ProPublica studies the tobacco bonds. Last century (1998) the state attorneys general and the tobacco companies reached a settlement, which gave states money over a number of years with the amount dependent on how much people smoked: the more they smoked, the more money since the logic was to cover the costs/externalities of smoking.
Wall Street came along and persuaded states to securitize the settlement, to sell bonds based on the stream of anticipated income from the tobacco settlement. States would get more cash upfront (to be used as the politicians desired). That's not a new idea but surprise, surprise, the deal is turning out to be better for Wall Street firms than for the states.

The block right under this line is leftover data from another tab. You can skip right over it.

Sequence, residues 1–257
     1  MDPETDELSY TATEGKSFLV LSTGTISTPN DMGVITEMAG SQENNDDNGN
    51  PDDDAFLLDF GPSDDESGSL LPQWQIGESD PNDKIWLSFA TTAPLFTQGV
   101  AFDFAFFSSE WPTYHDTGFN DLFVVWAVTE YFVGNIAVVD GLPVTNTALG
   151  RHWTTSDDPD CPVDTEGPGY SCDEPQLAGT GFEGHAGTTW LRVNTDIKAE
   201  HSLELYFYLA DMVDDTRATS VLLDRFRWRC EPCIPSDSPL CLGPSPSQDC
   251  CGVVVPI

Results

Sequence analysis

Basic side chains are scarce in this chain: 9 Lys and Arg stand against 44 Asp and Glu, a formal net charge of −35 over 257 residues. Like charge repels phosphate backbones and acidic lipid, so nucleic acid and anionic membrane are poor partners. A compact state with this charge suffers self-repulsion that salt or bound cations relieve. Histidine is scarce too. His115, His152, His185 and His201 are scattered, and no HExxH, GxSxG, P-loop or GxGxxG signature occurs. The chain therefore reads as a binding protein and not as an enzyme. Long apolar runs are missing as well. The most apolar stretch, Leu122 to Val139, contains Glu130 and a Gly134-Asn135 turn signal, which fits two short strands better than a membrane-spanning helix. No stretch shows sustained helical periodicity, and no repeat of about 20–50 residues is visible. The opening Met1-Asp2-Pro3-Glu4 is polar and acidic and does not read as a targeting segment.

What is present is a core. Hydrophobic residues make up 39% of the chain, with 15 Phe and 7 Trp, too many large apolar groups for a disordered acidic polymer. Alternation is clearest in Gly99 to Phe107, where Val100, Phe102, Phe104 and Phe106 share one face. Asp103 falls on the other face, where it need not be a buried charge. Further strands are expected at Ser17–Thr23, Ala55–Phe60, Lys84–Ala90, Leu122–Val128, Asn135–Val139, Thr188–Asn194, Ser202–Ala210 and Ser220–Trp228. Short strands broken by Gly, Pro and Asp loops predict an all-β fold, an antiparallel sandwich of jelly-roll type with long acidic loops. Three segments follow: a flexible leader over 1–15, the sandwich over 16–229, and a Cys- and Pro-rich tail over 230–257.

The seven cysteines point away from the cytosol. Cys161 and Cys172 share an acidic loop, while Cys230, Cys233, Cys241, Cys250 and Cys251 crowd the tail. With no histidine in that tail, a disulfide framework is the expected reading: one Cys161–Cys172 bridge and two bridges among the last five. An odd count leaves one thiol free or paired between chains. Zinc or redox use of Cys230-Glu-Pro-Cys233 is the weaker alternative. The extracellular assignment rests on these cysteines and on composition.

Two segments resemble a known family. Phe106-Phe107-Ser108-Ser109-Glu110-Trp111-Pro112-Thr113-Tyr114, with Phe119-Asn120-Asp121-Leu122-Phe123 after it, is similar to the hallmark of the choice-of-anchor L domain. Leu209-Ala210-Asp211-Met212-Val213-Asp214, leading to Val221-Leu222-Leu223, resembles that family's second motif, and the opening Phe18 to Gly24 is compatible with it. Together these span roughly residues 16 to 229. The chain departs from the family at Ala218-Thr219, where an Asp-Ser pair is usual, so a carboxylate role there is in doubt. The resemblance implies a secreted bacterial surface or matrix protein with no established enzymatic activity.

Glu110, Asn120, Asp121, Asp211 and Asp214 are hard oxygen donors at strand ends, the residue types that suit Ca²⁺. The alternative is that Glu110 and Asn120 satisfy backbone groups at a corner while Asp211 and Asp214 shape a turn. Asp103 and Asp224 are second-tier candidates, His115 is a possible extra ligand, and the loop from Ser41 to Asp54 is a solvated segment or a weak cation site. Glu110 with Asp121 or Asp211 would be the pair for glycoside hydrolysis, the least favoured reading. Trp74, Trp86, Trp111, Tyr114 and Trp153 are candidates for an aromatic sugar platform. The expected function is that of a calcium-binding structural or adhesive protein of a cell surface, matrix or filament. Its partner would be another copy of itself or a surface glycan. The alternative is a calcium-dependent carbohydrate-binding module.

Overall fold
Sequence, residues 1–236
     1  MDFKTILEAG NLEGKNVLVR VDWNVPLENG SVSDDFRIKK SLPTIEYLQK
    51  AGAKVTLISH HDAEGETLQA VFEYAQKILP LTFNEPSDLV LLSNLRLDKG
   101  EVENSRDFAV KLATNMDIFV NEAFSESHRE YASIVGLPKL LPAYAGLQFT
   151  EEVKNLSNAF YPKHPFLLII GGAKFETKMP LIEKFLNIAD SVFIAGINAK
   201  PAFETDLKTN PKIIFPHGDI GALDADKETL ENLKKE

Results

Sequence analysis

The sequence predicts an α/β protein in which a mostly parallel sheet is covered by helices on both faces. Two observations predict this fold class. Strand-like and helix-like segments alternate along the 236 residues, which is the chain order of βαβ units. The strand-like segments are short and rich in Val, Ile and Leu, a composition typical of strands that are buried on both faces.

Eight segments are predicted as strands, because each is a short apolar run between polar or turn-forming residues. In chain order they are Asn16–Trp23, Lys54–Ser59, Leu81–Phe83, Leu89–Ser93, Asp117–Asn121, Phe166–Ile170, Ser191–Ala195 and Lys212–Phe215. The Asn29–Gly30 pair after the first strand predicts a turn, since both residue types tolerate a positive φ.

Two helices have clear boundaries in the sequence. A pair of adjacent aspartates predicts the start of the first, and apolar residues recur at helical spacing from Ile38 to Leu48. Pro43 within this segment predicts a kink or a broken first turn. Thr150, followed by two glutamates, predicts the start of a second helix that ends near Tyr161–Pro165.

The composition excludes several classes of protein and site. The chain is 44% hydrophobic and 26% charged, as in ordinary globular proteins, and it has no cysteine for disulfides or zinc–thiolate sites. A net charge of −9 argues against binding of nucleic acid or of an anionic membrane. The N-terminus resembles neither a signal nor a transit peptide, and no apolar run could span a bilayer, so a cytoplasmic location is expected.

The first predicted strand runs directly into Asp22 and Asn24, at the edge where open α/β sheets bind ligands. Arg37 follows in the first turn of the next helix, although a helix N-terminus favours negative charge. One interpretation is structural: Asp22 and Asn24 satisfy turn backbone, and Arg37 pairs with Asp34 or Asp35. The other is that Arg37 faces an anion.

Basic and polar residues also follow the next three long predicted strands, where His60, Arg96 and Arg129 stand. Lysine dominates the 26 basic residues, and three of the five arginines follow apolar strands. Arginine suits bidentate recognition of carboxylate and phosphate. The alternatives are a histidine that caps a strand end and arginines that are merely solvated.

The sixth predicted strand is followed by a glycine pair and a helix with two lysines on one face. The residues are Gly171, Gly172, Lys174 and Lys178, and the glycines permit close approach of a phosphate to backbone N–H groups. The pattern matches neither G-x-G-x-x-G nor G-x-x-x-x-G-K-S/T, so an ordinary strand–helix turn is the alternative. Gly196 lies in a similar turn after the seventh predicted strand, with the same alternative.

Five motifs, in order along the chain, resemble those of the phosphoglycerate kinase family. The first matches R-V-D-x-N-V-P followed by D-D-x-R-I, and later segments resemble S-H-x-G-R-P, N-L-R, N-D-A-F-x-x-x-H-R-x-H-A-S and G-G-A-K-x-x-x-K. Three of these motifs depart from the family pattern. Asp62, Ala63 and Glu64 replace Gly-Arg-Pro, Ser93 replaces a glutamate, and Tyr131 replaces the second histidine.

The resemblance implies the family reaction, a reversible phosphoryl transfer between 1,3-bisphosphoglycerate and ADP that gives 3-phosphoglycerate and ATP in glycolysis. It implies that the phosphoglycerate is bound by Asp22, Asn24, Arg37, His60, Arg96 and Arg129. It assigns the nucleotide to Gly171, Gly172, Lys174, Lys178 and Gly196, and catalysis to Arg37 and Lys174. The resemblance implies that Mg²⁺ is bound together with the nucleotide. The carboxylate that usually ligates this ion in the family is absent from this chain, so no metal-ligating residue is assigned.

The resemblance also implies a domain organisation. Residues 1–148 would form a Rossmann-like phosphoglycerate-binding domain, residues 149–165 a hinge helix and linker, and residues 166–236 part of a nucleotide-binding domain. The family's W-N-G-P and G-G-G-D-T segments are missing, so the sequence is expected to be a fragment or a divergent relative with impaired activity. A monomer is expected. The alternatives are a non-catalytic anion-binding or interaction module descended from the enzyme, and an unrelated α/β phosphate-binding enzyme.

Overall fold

There were a lot of fancy deals made during the 90's and 00's; I hope someday there's an overview study which shows how many turned out okay and how many were snake oil. The KISS rule also applies to finance.